This is a guest post by Terri Geisel. If you enjoy her post, please thank her by visiting her Prayer and Worship Music site.
Saturday morning I headed out for caffeine and a few treats, before starting a busy day working on my music. As I pulled up to the local bakery, a few nagging thoughts jumped to mind. First, I had received stale baked goods from this place in the past, and second, I really didn’t want to spend the extra money considering the pastries were $2.25 each. Visions of sugarplums dancing in my head, however, made my sweet tooth win out.
My strategy, as I entered the shop, was to be very specific with the cashier about which items I wanted, thereby insuring freshness. From behind the counter, she boxed up the pastries and announced the total. Reaching for my wallet, I thought, “Wow, including my cappuccino, this is the same cost as my CD. And THIS will be consumed in about 15 minutes, totally gone!” Then I thought, “At least, this time, I’m getting fresh pastries.”
Or so I thought. When I got to my car and opened the box, there lay two old crusty, dried-up pastries and no sign of “fresh”! I couldn’t believe it. I was ready to rush back into the store when I suddenly had a thought to stop and pray. Anger wouldn’t accomplish anything and I truly wanted to be a good witness for Christ in this situation.
I felt the Lord tell me to wait until the customers left, then return and offer to buy another pastry. A surprised cashier looked up when I entered the shop. I explained that I wanted to buy a Fresh pastry this time. That unfortunately, the previous ones, were not.
Immediately she began to insist that all the baked goods in the store were fresh, reaching for one to prove her point. I turned and left the store, returning with the offending box of rocks. We then compared. Huge, fresh and creamy vs. small, burnt and stale. I told her this had happened to me several times before and she admitted that they were indeed, told to sell all the old pastries first. She apologized profusely as she tucked the pastry into my box, stating it was free of charge.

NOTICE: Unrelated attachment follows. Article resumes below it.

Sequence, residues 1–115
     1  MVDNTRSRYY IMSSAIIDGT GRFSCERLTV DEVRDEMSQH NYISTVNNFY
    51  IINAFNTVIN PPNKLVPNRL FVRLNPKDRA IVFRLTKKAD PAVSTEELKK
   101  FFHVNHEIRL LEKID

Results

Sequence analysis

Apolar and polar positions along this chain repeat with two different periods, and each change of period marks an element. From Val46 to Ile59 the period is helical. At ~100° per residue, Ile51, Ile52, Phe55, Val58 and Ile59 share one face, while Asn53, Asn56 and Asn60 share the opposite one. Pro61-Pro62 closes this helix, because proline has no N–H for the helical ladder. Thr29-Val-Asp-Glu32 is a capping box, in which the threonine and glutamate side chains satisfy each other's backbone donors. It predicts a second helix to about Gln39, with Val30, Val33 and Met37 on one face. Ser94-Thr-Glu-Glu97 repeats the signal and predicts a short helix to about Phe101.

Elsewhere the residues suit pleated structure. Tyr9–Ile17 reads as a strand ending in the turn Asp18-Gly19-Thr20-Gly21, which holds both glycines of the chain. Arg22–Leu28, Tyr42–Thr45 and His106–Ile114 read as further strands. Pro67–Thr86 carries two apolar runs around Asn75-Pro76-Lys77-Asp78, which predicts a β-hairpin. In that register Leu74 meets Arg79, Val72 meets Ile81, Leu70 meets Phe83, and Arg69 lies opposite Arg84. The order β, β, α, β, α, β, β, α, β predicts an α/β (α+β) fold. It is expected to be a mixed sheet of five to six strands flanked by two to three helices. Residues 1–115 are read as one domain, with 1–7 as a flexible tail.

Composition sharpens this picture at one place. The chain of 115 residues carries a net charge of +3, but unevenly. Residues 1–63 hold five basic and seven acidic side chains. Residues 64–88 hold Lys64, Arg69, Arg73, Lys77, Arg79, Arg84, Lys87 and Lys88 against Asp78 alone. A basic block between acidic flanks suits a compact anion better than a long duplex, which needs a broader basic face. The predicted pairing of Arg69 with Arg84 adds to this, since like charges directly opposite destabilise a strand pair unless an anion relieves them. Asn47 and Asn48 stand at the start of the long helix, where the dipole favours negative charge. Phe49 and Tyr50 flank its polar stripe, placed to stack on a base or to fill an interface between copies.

I thanked her and headed home. I thanked the Lord that He always handles things in such caring ways, and for the giftings that He places in us. His gifts are eternal treasures.
I rediscovered the value of a dollar in these tough, economic times, but more than that I remembered how quickly the temporal evaporates, but the eternal blesses on and on.
Isaiah 55:1,2 “Ho, everyone who thirsts, come to the waters. You who have no money, come buy and eat….Why do you spend money for what does not satisfy…delight yourself in My Abundance.”
There are some really great nuggets in this piece from Terri. What she didn’t mention in the article is that she initially insisted on paying for the fresh (additional) pastry. It was only after the clerk refused to take her money that she received it as complimentary. Sometimes we can certainly get things free by being pushy, but isn’t it better when we honor God and then we see how He has blessed us?
Terri is a Pianist and a Worshiper and has recently released an Instrumental Piano Worship Album. The CD is available for download from her website and even includes one free song.
Study great men (or women) and you will learn to grow like them. Lately I have started reading biographies of individuals who have accomplished a great purpose of some kind in their lifetimes. Despite their differences of time period, situations, personalities and temperaments, and chosen professions I find a great many things in common with these men. Found within nearly all of these various examples of success are discipline and organization.
Building wealth is not just about money, but rather it’s about maturing as an individual. Jesus said in Matthew 6:33, “But seek first the kingdom of God and His righteousness, and all these things shall be added to you.” In order to achieve good success it is important that we grow in many ways as individuals and I’d like to specifically discuss the process of getting organized here.
Organization is a process. That means it isn’t just something we do one time and now we’re organized. It’s like a good diet — we can’t just try to hurry up and lose those 15 lbs., we need to learn to eat healthier. Well, just like that diet, we need to make a lifestyle change to improve our organization. One of the simplest things you can do to get started is to use a daily planner.